W3C, Unicode move to head off character clash

The Unicode Technical Committee and the World Wide Web Consortium's (W3C) Internationalization Working Group jointly issued a technical report Friday which clarifies areas of conflict between the two standards.

The different approaches to adding relevance and functionality to documents -- character encoding in Unicode and markup in XML (Extensible Markup Language) -- were beginning to overlap in some areas, and the two organizations have stated their keenness to iron out any areas of conflict.

Unicode defines a 65,536-character set which holds all the letters used in alphabets and syllabaries worldwide, radical characters used in logographic (pictorial) languages such as Chinese and diacritical markers used in many scripts to mark vowels or voice tones.

But it also includes many characters which define the direction which text runs in, such as from right to left as in Arabic scripts or from top to bottom as in Japanese, paragraph separation codes and ways to deal with odd items such as fractions and superscripts. It is mainly in these areas where Unicode and XML have begun to grate against one another.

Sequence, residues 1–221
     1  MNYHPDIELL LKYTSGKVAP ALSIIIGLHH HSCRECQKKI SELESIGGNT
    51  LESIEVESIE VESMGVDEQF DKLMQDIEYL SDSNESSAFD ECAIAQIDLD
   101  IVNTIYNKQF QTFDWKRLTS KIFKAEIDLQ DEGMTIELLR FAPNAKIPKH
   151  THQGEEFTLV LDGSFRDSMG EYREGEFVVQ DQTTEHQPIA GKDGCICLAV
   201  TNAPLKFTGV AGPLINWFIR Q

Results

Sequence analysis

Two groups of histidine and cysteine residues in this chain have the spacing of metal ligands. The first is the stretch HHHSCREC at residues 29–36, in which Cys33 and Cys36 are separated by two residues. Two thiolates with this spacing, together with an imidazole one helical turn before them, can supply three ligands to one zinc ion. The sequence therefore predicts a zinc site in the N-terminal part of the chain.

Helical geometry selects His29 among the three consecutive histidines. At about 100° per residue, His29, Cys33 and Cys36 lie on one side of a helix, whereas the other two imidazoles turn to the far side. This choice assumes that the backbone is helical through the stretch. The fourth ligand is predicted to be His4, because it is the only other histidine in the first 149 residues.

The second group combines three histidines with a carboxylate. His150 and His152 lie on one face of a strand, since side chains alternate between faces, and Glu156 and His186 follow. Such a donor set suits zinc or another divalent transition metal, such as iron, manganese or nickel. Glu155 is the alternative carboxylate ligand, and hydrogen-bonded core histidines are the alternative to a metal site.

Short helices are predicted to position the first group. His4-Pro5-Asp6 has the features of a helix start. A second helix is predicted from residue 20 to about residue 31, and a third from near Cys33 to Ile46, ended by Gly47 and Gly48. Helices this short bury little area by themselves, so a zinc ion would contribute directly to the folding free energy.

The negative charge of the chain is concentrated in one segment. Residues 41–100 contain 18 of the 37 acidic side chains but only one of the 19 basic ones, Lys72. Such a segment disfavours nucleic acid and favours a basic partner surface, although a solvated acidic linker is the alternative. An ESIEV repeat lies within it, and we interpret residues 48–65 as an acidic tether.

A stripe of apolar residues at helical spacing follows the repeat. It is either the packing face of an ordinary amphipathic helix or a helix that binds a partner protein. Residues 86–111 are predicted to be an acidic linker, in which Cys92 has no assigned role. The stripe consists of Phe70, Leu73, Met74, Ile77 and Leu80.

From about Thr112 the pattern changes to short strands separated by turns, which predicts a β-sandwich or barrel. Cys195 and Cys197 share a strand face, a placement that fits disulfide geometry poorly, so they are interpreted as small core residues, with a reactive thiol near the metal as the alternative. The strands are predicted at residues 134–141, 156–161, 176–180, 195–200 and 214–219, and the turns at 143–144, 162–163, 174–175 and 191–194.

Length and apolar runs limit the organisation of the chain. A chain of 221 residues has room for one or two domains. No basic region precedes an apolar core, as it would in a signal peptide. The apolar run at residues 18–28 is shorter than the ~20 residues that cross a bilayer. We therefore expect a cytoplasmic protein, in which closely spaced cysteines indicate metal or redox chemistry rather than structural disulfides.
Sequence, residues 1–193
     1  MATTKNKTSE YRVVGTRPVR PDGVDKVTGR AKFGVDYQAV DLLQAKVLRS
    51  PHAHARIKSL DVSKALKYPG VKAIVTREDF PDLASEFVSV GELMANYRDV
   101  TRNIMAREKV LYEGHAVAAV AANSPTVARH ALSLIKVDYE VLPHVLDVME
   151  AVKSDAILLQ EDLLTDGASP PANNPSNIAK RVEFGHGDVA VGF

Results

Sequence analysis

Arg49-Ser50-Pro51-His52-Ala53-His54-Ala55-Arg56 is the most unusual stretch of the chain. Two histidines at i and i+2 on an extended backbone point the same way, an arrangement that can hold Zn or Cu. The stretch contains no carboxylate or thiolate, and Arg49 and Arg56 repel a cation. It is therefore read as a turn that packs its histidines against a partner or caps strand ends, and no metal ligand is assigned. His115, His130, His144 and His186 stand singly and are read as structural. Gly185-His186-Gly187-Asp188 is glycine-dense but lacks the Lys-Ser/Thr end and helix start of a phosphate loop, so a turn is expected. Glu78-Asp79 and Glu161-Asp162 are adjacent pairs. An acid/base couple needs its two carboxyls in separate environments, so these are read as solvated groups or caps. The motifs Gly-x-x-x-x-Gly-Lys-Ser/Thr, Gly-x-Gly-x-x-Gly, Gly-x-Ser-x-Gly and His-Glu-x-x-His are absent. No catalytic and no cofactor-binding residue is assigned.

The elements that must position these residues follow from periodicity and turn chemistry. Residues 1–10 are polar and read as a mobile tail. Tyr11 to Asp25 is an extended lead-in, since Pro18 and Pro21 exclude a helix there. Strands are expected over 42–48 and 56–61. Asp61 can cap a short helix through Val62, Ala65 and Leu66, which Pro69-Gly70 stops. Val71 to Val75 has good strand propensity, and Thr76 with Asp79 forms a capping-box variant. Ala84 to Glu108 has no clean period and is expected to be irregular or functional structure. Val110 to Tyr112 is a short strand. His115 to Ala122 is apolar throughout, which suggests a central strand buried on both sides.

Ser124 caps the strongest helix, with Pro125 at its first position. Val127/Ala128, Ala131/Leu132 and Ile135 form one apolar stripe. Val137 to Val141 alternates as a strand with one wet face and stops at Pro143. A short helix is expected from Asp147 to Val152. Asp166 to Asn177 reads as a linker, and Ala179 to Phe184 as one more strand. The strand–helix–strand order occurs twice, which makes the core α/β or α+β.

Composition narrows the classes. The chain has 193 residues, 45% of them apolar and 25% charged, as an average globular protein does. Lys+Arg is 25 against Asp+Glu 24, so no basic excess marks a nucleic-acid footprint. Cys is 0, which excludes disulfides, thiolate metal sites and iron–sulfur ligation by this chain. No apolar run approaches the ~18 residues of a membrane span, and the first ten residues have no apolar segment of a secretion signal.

The two organizations have decided that markup, as used in XML, is generally more robust and functional than Unicode's character encoding for matters not strictly related to producing exotic characters. They cited:

-- character encoding works only with a range of integers used as character codes, while XML, as a user-defined tool, can have a much wider vocabulary and is inherently more extensible

-- character markup can handle necessary control characters more efficiently between transmitter and receiver, who may be using different operating systems which handle control characters in different ways.

-- the hierarchical structure of markup is better an maintaining the context of a complex document than the linear structure of character encoding.

-- markup often coincides with the need for styling, such as if a paragraph needs to be displayed differently because it is a citation in a foreign language

For these reasons, most of the skirmishes between Unicode character encoding and XML markup have been settled in favor of XML, the two organizations said in the technical report.

Among the decisions made are:

-- Unicode's line and paragraph separator will be discouraged in favor of the
and markup tags

-- language tag codepoints will be replaced by tags

-- musical notation will be replaced by a customized XML language

-- the fraction slash is maintained, but may be handled better by the MathML markup language

-- superscripts and subscripts are retained, but could be replaced by markup tags such as and or and

The full technical report can be viewed at http://www.unicode.org/reports/tr20/.

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